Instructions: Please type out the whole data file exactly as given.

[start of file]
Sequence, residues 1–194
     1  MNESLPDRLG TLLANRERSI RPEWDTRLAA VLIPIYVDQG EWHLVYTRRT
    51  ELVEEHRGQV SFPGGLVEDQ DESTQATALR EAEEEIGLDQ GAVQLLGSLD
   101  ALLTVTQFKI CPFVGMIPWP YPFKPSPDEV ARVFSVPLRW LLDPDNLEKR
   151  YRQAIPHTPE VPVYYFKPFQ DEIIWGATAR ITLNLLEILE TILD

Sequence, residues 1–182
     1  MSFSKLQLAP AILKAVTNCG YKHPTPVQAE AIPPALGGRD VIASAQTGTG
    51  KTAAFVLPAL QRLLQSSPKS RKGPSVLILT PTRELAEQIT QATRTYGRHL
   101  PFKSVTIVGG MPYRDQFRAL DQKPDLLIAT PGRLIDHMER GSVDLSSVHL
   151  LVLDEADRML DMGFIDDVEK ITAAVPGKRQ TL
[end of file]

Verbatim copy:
Sequence, residues 1–194
     1  MNESLPDRLG TLLANRERSI RPEWDTRLAA VLIPIYVDQG EWHLVYTRRT
    51  ELVEEHRGQV SFPGGLVEDQ DESTQATALR EAEEEIGLDQ GAVQLLGSLD
   101  ALLTVTQFKI CPFVGMIPWP YPFKPSPDEV ARVFSVPLRW LLDPDNLEKR
   151  YRQAIPHTPE VPVYYFKPFQ DEIIWGATAR ITLNLLEILE TILD

Sequence, residues 1–182
     1  MSFSKLQLAP AILKAVTNCG YKHPTPVQAE AIPPALGGRD VIASAQTGTG
    51  KTAAFVLPAL QRLLQSSPKS RKGPSVLILT PTRELAEQIT QATRTYGRHL
   101  PFKSVTIVGG MPYRDQFRAL DQKPDLLIAT PGRLIDHMER GSVDLSSVHL
   151  LVLDEADRML DMGFIDDVEK ITAAVPGKRQ TL